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From Assessing to Conserving Biodiversity

Conceptual and Practical Challenges

  • Book
  • Open Access
  • © 2019

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  • Features essays that are explicitly critical of the species approach to biodiversity
  • Presents bio-philosophical perspectives on the interaction between biodiversity’s units, levels, and scales
  • Serves as an interdisciplinary contribution to the emergent field of biodiversity studies

Part of the book series: History, Philosophy and Theory of the Life Sciences (HPTL, volume 24)

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Table of contents (21 chapters)

  1. Estimating Biodiversity: Data Collection and Monitoring Challenges

  2. Conserving Biodiversity: From Science to Policies


About this book

This open access book features essays written by philosophers, biologists, ecologists and conservation scientists facing the current biodiversity crisis. Despite increasing communication, accelerating policy and management responses, and notwithstanding improving ecosystem assessment and endangered species knowledge, conserving biodiversity continues to be more a concern than an accomplished task. Why is it so?
The overexploitation of natural resources by our species is a frequently recognised factor, while the short-term economic interests of governments and stakeholders typically clash with the burdens that implementing conservation actions imply. But this is not the whole story. This book develops a different perspective on the problem by exploring the conceptual challenges and practical defiance posed by conserving biodiversity, namely: on the one hand, the difficulties in defining what biodiversity is and characterizing that “thing” to which the word ‘biodiversity’refers to; on the other hand, the reasons why assessing biodiversity and putting in place effective conservation actions is arduous.

Editors and Affiliations

  • Department of Philosophy and Education, University of Turin, Turin, Italy

    Elena Casetta

  • BioISI – Biosystems and Integrative Sciences Institute and Department of Plant Biology, Faculdade de Ciências, Universidade de Lisboa, Lisboa, Portugal

    Jorge Marques da Silva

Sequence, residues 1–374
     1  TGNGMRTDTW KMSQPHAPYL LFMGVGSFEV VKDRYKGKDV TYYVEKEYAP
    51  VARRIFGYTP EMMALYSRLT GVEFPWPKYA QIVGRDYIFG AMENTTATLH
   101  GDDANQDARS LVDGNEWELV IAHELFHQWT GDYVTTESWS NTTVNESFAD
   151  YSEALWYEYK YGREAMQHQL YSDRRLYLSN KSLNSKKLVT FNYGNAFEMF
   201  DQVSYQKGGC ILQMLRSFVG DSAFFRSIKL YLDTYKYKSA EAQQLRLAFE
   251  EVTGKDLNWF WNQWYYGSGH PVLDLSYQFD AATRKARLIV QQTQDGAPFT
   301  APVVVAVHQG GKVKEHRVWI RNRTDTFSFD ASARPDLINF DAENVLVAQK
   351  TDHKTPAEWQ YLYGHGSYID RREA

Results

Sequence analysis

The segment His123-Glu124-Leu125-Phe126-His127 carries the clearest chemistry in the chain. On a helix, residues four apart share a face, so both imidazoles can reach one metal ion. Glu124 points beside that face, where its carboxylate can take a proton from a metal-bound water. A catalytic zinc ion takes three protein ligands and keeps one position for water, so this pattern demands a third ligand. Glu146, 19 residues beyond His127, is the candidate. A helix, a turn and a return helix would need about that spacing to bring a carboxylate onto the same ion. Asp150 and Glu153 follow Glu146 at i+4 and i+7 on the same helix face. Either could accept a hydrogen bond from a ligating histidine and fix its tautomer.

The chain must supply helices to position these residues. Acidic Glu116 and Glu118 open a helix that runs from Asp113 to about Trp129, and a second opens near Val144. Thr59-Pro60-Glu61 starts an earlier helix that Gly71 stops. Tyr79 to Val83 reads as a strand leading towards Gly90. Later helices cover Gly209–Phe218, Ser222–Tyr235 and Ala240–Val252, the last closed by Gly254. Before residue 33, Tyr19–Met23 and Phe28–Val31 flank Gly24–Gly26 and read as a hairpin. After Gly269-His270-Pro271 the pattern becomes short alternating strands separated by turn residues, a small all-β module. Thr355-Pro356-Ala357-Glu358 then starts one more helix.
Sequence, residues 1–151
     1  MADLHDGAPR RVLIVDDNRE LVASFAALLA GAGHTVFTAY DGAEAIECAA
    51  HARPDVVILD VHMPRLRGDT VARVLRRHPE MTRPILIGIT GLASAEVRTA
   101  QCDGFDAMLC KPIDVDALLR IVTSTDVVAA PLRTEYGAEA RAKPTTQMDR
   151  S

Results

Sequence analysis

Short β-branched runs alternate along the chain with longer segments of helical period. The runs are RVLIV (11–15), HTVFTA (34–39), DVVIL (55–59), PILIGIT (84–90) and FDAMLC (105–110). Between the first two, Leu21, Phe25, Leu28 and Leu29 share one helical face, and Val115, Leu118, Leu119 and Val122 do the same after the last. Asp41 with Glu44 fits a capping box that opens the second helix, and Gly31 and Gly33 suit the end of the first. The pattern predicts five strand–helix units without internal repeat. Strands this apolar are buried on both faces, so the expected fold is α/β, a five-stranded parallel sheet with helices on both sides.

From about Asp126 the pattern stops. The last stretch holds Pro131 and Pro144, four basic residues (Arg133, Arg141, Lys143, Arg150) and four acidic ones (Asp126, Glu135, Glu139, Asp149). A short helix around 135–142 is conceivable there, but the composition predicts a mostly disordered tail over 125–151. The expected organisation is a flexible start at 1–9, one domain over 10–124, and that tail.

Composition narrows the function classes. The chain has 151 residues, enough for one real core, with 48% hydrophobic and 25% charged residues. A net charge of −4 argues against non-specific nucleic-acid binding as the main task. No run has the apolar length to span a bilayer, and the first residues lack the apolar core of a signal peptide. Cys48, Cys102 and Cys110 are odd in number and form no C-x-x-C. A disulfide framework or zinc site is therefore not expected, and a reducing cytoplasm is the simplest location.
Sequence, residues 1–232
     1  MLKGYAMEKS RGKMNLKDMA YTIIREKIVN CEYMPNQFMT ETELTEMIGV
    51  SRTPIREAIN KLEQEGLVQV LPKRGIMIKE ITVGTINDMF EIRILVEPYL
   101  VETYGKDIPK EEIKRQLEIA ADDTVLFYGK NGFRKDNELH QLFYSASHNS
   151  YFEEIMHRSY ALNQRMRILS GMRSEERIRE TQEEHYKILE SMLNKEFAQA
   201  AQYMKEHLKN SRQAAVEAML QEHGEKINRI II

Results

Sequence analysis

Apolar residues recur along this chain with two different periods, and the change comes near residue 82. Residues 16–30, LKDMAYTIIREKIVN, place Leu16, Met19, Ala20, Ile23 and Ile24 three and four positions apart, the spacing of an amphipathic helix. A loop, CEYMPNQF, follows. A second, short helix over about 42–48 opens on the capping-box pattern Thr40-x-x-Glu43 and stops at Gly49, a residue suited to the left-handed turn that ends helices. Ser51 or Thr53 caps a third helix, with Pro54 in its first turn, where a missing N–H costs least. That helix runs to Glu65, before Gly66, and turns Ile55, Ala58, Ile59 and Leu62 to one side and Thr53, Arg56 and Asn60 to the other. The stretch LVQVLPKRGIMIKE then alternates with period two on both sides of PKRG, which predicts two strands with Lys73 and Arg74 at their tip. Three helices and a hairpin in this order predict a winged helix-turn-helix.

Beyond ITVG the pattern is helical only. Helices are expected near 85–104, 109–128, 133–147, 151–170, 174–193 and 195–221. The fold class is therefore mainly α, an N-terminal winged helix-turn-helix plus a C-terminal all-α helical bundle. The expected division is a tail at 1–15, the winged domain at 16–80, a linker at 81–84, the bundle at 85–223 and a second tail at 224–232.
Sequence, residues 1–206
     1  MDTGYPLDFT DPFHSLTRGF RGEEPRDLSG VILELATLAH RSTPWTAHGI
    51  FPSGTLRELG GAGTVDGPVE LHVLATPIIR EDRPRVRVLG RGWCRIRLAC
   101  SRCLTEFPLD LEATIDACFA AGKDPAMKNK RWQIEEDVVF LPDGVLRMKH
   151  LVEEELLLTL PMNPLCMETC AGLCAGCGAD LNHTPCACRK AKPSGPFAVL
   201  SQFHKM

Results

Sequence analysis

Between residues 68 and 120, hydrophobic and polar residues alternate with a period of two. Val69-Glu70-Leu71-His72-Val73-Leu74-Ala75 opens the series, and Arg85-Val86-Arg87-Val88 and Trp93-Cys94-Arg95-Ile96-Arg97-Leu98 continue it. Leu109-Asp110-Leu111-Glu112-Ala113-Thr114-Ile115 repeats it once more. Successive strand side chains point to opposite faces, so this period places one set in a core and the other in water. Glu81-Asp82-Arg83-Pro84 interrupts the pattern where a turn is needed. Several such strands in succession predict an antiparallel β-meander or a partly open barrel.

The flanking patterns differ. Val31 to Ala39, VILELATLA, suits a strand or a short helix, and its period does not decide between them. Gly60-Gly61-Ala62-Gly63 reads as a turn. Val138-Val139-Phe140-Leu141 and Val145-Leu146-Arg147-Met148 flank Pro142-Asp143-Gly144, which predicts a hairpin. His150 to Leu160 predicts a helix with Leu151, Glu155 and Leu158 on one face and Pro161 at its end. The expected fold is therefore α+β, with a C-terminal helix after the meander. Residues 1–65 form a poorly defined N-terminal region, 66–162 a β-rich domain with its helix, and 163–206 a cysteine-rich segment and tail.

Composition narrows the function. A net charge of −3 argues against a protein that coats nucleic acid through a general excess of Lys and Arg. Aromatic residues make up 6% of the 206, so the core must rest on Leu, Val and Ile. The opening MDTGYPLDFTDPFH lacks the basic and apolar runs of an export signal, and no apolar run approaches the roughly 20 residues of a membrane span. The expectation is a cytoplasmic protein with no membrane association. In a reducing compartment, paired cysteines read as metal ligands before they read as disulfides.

• Centro de Filosofia das Ciências, Departamento de História e Filosofia das Ciências, Faculdade de Ciências, Universidade de Lisboa, Lisboa, Portugal

    Davide Vecchi

About the editors

Elena Casetta is assistant professor at the Department of Philosophy and Educational Science at the University of Turin (Italy), where she teaches Philosophy of Nature and Philosophy of Biology. Trained in theoretical philosophy, she then specialized in philosophy of biology at the IHPST (Institut d'Histoire et de Philosophie des Sciences et des Techniques), CNRS/Paris 1/ENS Paris and at the Centre for Philosophy of Sciences of the University of Lisbon where she was the Principal Investigator of the Scientific Research and Technological Development Project “BIODECON – Which Biodiversity Definition for Biodiversity Conservation?” funded by the FCT, the Portuguese national funding agency for science, research and technology. On the philosophy of biodiversity, she edited, with Julien Delord, La biodiversité en question. Enjeux philosophiques et scientifiques, Paris, Les Éditions Materiologiques, 2014 and she wrote, with Andrea Borghini, Filosofia da biodiversidade, Lisboa, Colibri, 2018. 

Jorge Marques da Silva is assistant professor at the Faculty of Science and principal investigator at the Biosystems and Integrative Sciences Institute (University of Lisbon). As a plant physiologist, Jorge is interested on the mechanisms of response to stress, chiefly on the effects of drought stress on photosynthetic metabolism. His main scientific interest is on understanding how interactions of abiotic stresses with photosynthetic metabolism impairs primary productivity. Currently, Jorge is working in highthroughput plant phenotyping, aiming to unravel environment-genetic interactions in phenotype development, with the ultimate goal of improving crop responses to climate change. Jorge also developed a parallel interest in teaching and research in Global Bioethics, mainly Environmental Ethics. 

Davide Vecchi is currently FCT Research Fellow at the Department of History and Philosophy of Sciences of the Faculty of Sciencesof the University of Lisbon (Portugal). Formed philosophically at Bologna University(Italy) and the LSE (UK) and biologically at the KLI (Austria) and the University of Santiago (Chile), Davide is broadly interested in theoretical issues in evolutionary biology, particularly concerning the nature of genomic change and the robustness of neutralist explanations of biological complexity. He is also interested in theoretical issues in developmental biology and, more generally, in the way contemporary biology informs philosophical debates concerning, for instance, causation, biological individuality and human nature. At the moment, his research focuses on making sense of the causal role of DNA, genes and genomes in development and evolution.

Bibliographic Information

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